It is confusing to understand the difference between a $9.99 and a $25 plus a month GPS offering. Managers therefore need to know how to differentiate these services based on their business model and requirements in order to receive the optimum hard benefits and return on investment.

Location-based service (LBS) is a cellular-based service that uses information about the current location of a vehicle using a mobile device.The position can be identified by user entry into a device, or through a GPS receiver carried by the user or vehicle. The location function built into the cell network uses triangulation between the known geographic coordinates of the base stations through which the communication takes place.

Global Positioning System (GPS) (the US military refers to it as NAVSTAR GPS) is a satellite navigation system used for determining one's precise location and providing a highly accurate time reference almost anywhere on earth or in earth's orbit. It uses an intermediate circular orbit (ICO) satellite constellation of at least 24 satellites.

 The essential difference between the two is that LBS utilizes cellular tower networks to pinpoint the GPS receiver location, while GPS uses orbital satellites (at least 24) to deliver a more accurate reading.In addition, LBS has limited reach, since it is not accessible when the GPS receiver moves out of cellular coverage range. The decision to use LBS versus GPS depends on a business' geographical range of operations and level of detail required.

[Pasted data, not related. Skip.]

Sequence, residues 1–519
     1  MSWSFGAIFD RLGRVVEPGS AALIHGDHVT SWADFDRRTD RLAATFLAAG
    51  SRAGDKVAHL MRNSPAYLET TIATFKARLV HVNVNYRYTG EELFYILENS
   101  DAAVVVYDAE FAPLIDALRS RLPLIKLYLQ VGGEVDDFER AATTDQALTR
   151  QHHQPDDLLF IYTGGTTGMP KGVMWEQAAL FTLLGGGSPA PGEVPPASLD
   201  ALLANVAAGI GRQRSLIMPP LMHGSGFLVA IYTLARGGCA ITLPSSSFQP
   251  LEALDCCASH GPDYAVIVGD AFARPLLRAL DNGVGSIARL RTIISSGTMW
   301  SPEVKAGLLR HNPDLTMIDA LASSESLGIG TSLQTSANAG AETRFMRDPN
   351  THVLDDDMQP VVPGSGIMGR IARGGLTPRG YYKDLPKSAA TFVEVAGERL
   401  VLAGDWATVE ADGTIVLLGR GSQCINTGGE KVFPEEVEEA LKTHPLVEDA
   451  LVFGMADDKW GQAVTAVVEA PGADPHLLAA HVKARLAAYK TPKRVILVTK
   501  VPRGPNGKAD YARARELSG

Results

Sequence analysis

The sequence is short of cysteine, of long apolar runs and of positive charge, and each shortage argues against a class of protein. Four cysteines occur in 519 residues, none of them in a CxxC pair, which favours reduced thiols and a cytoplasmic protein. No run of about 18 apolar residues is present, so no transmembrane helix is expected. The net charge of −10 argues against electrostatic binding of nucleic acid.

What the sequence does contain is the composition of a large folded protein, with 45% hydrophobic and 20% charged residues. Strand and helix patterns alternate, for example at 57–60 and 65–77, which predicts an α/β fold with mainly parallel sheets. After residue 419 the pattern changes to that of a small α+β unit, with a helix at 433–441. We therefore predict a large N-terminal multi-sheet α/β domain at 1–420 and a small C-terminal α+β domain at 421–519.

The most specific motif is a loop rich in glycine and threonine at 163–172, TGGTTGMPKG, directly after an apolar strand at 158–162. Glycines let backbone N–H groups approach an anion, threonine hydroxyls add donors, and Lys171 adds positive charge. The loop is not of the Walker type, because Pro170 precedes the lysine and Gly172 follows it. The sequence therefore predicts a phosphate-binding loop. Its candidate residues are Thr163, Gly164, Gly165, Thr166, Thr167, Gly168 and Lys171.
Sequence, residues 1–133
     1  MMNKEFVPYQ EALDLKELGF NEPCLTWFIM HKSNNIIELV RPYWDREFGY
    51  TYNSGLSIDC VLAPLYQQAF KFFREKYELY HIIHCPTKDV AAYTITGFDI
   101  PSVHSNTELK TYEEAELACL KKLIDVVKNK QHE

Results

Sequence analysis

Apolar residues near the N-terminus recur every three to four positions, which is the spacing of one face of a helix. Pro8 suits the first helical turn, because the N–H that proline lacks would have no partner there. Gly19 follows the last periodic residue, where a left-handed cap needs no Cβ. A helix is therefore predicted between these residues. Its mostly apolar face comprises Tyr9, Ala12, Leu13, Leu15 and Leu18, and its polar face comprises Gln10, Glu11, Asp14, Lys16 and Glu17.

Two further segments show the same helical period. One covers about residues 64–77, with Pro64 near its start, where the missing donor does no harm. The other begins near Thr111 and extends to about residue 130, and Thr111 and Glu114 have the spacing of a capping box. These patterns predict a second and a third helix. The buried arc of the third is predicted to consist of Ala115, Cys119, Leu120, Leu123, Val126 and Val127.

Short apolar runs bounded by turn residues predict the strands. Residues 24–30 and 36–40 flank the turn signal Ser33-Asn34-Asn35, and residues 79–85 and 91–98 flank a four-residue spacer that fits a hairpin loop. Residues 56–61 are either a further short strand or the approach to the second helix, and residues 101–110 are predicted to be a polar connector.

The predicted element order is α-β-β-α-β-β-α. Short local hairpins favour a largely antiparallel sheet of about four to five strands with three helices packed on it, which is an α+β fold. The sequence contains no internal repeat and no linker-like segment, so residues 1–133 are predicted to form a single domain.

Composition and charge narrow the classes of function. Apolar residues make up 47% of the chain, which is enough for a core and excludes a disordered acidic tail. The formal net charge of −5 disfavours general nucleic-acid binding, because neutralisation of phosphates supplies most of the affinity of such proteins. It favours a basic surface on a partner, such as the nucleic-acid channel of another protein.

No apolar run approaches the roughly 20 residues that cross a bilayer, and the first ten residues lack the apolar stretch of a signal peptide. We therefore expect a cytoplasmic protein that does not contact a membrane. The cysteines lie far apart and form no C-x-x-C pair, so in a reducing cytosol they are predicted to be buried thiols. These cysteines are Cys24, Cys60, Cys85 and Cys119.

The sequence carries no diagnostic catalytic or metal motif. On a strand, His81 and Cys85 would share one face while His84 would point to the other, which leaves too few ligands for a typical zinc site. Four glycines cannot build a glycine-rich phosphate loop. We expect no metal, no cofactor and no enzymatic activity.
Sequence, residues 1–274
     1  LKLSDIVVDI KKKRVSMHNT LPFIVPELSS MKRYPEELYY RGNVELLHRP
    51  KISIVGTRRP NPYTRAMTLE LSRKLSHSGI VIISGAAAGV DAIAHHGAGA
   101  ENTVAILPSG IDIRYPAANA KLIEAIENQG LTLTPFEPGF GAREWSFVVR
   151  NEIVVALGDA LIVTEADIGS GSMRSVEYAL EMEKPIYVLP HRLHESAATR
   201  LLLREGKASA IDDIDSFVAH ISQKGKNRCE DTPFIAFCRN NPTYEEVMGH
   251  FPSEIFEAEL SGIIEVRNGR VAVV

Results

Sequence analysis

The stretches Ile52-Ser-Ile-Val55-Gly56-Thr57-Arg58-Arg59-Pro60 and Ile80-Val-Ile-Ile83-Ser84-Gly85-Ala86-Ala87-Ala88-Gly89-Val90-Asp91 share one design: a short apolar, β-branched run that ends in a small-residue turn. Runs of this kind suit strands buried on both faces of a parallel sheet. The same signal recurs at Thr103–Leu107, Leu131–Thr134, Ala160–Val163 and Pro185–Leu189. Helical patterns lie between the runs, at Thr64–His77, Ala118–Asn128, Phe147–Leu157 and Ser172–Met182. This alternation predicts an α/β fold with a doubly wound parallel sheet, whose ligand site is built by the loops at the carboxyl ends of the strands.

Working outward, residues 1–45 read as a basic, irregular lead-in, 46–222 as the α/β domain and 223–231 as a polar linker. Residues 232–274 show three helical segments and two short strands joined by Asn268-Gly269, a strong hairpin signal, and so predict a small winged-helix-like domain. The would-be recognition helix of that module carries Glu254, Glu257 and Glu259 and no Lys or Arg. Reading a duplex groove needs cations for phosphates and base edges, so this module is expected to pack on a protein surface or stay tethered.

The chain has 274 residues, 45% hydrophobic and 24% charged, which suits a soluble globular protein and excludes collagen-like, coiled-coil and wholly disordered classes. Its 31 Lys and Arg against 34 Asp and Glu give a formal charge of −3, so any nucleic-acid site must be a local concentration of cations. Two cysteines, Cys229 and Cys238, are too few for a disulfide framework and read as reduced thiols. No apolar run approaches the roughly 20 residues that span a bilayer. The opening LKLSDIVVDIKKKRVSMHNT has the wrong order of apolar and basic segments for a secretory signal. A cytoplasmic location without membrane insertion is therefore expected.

Management of Resources Through Web-based Services
As mentioned earlier, GPS or LBS technologies are now being integrated with wireless data solutions to provide more robust capabilities and to access more detailed information via the Internet. These service offerings, detailed below, vary in sophistication, and should be considered depending on users' specific needs.

Tracking Service
A GPS tracking application provides a simple, affordable way for businesses to track employee or vehicle locations, record shift times and breaks, and capture job/work order information from GPS-enabled mobile phones.Data is sent from the GPS-enabled mobile phone via a mobile application to provide organizations with real-time updates on employee locations.This provides users with a virtually hands free visibility tool that produces a detailed audit trail of the historical location of a mobile resource or asset.

Benefits of a GPS tracking application include the ability to:
** Track hours and enforce overtime policies
** Allow best practice management of field workers
** Have real-time status of field workers and deliveries
** Improve customer service through real-time status update
** Improve field worker efficiency
** Decrease complexity of communication between office and field workers
** Manage service times
** Protect assets

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Tracking and Planning Service
A tracking and planning application combines sophisticated tracking and planning functionality with the simplicity of web-based service to provide dispatchers, managers and support agents with a real-time view of movement and order status.Information can be input from the field and captured as it happens. With this type of application, users have the resources to measure performance against an engineered plan, while still having GPS tracking running in the background as an audit trail.